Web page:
MENU

Show contents for

To an unsung disruptive leader

As YPARD’s Director, Courtney Paisley bids farewell to the young agriculturists’ network, former Communications, and Knowledge Manager, Marina Cherbonnier reflects on Courtney’s game-changing impact as a disruptive leader, towards truly sustainable development.

Ironically, we don’t make enough justice to empowering leaders. This is because enabling leaders are precisely those who genuinely know that for a community to take full ownership, their “leaders” need to get out of the spotlight. Game changers show the way through their backstage restless support and collaborative work; not through self-glory. They stimulate driven action and collective voice; not followership. It is thus rare to hear about them as individuals and their incredible impact.

After six years working closely with the Director of the international network of young professionals for agricultural development (a.k.a. YPARD), I want to give credit to Courtney Paisley’s work as a disruptive leader: her courage in constantly fighting for the community’s benefits at the forefront while tackling the challenges of a responsible Director in the background.

What makes for an enabling leader?

As a Director, Courtney served as the safeguard of the YPARD Network, so that it keeps its core essence and walks the talk as a community of empowered members. She facilitated the process of getting the community to assess and articulate what was good for them and to take and maintain strategic directions towards their collective goals. Working with Courtney helped me to confirm that Humility, Trust, Flexibility as well as being Strategic, Driven and Straight to the point were the key assets of an enabling leader.

Particularly, in a world of constant solicitations with few resources, Courtney made the difference by prioritizing efforts: focusing on few strategic and thorough global projects and providing restless efforts for ensuring their success. Check the research on Today’s skills and competencies needed for the youth in agriculture, the mentoring program, the research on the needs and aspirations of the youth in the MENA region. Leading is knowing the way and keeping the team on track so that they use their strength effectively.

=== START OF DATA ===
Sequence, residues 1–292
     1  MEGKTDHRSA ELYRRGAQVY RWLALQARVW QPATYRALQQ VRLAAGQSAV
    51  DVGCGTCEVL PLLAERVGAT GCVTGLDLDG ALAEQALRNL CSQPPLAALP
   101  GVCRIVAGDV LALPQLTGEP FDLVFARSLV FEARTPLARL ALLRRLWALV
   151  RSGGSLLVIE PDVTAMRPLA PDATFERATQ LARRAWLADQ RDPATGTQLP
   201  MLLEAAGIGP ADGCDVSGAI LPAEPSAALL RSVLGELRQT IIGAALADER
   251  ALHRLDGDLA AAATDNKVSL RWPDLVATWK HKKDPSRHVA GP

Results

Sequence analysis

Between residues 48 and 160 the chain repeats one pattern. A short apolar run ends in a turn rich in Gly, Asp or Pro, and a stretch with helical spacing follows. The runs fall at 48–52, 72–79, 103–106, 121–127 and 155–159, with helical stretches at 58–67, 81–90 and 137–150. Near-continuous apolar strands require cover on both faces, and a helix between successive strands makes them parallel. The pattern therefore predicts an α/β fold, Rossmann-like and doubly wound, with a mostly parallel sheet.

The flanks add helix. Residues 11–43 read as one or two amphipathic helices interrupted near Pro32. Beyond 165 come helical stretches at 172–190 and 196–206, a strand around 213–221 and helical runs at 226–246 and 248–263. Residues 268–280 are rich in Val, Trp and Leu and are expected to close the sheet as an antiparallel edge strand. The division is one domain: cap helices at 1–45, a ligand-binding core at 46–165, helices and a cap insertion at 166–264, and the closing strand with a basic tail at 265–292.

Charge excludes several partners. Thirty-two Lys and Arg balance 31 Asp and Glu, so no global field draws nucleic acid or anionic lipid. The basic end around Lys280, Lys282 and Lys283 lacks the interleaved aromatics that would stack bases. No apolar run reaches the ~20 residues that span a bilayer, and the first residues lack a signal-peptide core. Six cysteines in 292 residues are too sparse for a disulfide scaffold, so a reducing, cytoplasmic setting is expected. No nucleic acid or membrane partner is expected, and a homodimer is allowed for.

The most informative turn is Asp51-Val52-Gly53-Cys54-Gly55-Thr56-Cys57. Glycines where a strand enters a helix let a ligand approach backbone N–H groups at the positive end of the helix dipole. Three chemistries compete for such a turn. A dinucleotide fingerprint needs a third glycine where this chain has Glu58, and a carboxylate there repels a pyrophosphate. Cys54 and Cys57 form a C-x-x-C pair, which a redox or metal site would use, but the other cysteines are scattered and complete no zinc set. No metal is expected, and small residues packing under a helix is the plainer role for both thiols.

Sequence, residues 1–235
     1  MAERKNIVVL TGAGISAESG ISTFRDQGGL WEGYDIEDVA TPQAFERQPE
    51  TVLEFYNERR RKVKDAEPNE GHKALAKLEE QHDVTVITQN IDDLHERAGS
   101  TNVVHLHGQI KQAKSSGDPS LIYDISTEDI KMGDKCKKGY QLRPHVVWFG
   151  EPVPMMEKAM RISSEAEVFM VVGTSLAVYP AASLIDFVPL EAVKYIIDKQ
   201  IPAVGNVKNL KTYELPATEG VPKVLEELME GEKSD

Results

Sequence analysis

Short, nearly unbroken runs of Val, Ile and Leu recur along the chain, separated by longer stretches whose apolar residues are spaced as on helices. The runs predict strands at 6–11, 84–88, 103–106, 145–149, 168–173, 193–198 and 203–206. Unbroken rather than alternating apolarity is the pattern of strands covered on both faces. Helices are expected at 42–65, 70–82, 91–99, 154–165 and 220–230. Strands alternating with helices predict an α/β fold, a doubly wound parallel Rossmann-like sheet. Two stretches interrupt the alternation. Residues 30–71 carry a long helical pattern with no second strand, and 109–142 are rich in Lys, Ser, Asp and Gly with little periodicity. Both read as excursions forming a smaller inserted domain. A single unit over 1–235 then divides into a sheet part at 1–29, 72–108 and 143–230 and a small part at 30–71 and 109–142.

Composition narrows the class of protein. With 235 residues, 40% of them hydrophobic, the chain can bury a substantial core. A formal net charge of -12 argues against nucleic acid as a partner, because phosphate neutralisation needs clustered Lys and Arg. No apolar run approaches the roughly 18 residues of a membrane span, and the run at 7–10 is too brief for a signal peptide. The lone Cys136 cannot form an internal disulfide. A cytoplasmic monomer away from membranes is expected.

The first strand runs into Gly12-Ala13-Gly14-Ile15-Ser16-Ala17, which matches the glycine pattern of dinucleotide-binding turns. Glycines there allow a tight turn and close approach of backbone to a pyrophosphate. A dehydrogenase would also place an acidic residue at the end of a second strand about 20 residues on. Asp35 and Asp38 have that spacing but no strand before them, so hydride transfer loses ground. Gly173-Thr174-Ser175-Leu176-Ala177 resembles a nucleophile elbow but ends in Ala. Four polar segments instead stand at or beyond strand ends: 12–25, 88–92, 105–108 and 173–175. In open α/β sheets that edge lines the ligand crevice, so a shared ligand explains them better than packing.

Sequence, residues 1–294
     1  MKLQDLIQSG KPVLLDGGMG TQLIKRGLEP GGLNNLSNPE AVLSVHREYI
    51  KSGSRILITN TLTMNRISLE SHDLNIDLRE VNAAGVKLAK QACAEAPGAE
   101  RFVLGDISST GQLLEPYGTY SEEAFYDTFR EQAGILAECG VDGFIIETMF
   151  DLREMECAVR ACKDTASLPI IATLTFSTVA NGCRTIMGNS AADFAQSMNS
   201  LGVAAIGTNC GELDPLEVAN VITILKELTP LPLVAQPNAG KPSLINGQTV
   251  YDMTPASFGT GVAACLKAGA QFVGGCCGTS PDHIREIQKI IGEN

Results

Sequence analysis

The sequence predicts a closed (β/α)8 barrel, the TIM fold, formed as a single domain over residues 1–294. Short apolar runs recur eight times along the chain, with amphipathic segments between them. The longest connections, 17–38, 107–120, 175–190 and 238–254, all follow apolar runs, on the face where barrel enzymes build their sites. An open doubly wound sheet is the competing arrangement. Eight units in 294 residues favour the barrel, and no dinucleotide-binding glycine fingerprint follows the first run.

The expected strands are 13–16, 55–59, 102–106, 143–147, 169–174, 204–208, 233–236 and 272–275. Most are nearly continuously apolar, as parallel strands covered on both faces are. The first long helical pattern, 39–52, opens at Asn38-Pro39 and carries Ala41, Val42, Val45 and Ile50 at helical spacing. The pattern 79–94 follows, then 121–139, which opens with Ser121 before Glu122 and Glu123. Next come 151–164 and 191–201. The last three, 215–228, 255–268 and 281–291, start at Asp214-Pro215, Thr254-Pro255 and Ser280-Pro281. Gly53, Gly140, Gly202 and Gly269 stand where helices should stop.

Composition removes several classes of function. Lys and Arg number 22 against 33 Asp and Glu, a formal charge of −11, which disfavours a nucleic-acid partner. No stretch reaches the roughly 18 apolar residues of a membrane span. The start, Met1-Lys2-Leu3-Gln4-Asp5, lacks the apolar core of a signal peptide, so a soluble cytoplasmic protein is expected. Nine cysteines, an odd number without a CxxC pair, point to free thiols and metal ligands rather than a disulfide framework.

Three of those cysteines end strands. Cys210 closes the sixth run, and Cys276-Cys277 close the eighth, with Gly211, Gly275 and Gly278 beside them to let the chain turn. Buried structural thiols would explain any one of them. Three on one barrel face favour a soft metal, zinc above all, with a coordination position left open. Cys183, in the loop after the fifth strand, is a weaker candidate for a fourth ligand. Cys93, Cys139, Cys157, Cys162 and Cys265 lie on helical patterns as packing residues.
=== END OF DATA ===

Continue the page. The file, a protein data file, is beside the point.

Also, while International Development efforts are led by institutions with rigid structures and mechanisms: a model largely recognized as the standard for an “organized” structure, Courtney dared keeping a flexible model for YPARD: one that enables all the teams to have maximum freedom of action while serving their collective goals, and one that enables YPARD to evolve and meet its organic needs as a fast-paced growing network. For instance, the business plan of YPARD is conceived collectively and in a way that it provides a clear global framework while giving space for national, regional and global teams to design their own activities based on their specific needs.

Courtney inspired an agile structure that provides members with the space to nurture their own drive, be creative, innovative, and to do “less” but do it well.

Are you ready for it?

What it taught us with the years and experience is that an enabling leader needs you to be responsive. From young ages, we have been taught to recognize strength in assertive leaders and to follow their lead as subordinate. Thus, being a disruptive leader means engaging a team into deconstructing the cultural references we have grown up with so that we can fully open up to becoming driven and collaborative individuals.

It means that you will only be able to experience the freedom and ease of working with a supportive leader if you adopt the right attitude in response. You will only benefit from their ability to help to prioritize activities and to involve you if you are able to listen to and trust their strategic guidance as a safeguard. You will also have to show them that they were right to grant you their trust in the first place by ensuring genuine teamwork and result that will earn their trust in the long term. This will require that you communicate about your challenges and ideas with depth and that you bring creative input aligned with the overall strategy.

While there is an increasing number of theoretical articles supporting agile leadership, I am still to see the traditional model of so-called “high-level” positions to be challenged in the international development arena. Only then will we be able to authentically work towards equity and fair development. That’s where Courtney brings hope and made of the past six years an incredible human adventure of individual and collective growth.

To an unsung disruptive leader. May Courtney Paisley’s leadership keep flourishing more response-able individuals and strong collective actions towards sustainable development.

Photo credit: Flickr FAO forestry